View Full Version : Flat Hiking In/around Nh

10-08-2007, 17:42
I am interested in hiking to a shelter or tent spot in NH/ME/VT. to test out my Winter Hammock Ideas. I am kinda frail, so cannot do straight ups and downs.
Does anyone have any idea where I should try? Please advise.
Two to 5 miles, Such as I met in the Shendoah were fine.

10-08-2007, 17:53
Well, you're in Etna, right? :-?

If I recall properly, there was some nice meadow walking on the AT in your neighborhood (ie., between Hanover and Lyme.) In fact, your neighborhood is about as close as it gets to "flat" on the AT in NH, with a few minor exceptions.

If you have the ATC maps, just look at the profiles and go from there.

10-08-2007, 19:46
I am interested in hiking to a shelter or tent spot in NH/ME/VT. to test out my Winter Hammock Ideas. I am kinda frail, so cannot do straight ups and downs.
Does anyone have any idea where I should try? Please advise.
Two to 5 miles, Such as I met in the Shendoah were fine.

Well you might go to Vermont and hike the couple very easy miles to Little Rock Pond. That is a fee site but beautiful.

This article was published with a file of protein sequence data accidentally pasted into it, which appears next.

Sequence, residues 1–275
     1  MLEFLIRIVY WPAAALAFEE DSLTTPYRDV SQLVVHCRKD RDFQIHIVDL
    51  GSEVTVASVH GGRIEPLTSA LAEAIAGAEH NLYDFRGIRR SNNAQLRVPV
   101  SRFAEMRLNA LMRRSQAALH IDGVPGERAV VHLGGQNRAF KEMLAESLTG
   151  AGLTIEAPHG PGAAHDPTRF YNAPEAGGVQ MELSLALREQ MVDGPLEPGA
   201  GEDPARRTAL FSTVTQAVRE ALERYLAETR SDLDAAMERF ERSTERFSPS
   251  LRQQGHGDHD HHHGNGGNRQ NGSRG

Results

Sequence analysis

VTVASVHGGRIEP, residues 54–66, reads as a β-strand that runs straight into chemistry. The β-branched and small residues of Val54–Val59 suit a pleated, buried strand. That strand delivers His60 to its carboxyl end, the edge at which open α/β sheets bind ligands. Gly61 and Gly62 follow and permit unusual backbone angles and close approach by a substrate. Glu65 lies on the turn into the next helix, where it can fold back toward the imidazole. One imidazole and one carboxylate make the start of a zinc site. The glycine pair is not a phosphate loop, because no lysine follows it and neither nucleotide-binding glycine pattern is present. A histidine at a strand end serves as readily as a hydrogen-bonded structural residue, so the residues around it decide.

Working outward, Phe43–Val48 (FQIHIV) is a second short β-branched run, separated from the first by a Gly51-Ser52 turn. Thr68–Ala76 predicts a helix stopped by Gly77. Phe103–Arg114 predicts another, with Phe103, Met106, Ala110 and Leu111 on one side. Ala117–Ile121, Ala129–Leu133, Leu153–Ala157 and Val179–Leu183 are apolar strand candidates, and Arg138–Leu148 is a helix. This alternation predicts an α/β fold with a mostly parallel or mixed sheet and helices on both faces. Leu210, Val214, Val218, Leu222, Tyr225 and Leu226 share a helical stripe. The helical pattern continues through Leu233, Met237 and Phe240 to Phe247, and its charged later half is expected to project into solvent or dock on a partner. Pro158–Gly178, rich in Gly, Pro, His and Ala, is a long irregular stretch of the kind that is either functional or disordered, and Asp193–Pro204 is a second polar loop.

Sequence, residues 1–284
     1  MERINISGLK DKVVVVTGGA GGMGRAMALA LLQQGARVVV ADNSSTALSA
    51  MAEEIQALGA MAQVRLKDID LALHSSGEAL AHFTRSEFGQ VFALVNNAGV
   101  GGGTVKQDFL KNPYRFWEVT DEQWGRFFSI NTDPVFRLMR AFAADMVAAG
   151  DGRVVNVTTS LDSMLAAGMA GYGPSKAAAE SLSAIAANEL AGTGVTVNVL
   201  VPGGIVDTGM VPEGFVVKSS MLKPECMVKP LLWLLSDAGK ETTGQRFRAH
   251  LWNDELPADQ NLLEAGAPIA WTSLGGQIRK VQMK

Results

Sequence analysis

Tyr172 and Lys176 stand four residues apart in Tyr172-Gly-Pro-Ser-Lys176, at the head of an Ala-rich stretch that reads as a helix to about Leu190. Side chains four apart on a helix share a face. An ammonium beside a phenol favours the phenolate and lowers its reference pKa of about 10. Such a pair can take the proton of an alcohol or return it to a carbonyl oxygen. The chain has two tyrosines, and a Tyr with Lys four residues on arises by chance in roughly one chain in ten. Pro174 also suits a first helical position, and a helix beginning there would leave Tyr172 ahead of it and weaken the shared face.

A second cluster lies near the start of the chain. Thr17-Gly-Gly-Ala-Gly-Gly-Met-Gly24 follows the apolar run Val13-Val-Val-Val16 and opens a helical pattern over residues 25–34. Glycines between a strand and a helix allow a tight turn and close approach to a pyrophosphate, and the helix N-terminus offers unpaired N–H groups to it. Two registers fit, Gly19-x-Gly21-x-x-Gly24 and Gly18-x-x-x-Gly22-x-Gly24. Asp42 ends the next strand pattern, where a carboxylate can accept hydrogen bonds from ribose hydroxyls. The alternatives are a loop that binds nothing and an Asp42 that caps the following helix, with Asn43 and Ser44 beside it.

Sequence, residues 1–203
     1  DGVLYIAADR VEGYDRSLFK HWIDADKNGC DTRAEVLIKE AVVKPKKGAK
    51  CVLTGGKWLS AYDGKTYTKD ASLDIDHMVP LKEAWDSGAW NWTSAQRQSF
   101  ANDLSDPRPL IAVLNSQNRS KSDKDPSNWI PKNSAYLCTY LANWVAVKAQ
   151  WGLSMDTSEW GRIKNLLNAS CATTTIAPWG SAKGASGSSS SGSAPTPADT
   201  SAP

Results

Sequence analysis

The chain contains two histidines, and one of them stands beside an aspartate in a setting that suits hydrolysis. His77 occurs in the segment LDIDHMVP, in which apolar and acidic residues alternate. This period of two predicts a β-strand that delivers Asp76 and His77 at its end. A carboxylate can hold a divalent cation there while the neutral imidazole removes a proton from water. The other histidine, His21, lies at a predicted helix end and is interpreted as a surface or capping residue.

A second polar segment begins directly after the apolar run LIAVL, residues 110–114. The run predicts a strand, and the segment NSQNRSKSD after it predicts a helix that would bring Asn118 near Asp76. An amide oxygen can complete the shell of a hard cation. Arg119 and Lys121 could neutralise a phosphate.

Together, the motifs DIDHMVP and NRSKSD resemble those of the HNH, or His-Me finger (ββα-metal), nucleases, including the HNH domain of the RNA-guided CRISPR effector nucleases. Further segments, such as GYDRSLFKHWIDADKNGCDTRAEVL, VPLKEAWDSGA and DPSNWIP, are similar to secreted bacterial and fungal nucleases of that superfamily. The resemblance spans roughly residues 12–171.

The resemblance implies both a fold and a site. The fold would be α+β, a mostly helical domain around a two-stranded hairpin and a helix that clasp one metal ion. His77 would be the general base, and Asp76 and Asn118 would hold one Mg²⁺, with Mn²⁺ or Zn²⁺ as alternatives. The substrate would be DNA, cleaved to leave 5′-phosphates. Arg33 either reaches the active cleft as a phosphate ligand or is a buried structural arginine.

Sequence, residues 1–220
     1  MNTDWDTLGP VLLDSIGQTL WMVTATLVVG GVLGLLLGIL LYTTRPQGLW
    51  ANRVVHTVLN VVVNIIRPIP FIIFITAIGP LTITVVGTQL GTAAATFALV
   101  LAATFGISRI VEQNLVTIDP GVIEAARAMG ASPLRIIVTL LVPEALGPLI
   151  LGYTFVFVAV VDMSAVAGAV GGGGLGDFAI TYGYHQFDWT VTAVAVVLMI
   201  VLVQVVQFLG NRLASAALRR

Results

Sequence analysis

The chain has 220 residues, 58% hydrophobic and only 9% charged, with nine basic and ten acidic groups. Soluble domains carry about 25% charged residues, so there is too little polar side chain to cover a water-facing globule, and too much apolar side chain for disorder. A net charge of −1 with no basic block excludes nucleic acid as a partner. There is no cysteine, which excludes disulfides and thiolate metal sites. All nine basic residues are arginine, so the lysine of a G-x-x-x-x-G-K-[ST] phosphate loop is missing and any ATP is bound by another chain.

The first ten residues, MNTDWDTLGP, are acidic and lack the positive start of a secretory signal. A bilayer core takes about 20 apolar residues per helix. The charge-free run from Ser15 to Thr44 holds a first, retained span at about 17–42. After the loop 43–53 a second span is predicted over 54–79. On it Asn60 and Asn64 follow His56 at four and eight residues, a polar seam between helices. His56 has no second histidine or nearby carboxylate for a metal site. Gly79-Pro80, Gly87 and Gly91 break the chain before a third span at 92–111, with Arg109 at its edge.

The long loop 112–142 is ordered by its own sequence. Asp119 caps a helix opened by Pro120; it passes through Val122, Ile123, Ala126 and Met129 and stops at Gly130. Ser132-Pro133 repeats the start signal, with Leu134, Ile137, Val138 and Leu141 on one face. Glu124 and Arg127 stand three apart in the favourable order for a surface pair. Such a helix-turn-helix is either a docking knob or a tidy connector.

You cold also head to the Wilderness trail (go to NH and follow route 112 east from Lincoln to Lincoln Woods parking lot. From there you hike the very flat lincoln woods trail which becomes the wilderness trail inside the wilderness boundary..and follow to 12 falls camp site. Beautiful, easy, on the long side..5+ miles. Generally though, New Hampshire is not a good place for those that like it flat and easy.

Wait..one more idea..

go to Crawford Notch and go through Zealand Falls campground take road all way to end. Then Zealand Falls trail to near hut but cut off to Ethan Pond trail which is almost totally flat to Ethan Pond Campsite. There is some climbing to get to Ethan Pond trail but it isn't steep.

My vote is for the latter..easy, wild, gorgeous!


10-08-2007, 19:58
OK, a couple other reasonably flat/mellow walks on the AT in NH:

1. Crawford Notch up to Ethan Pond shelter
2. Rte. 2, east of Gorham, to Rattle River shelter

If you remove "AT" from the requirement, there are hundreds, or thousands of options. Get one of the "50 Best Hikes..." books, or one of the Falcon guides. Your local bookstore or library should have lots of books on local hikes.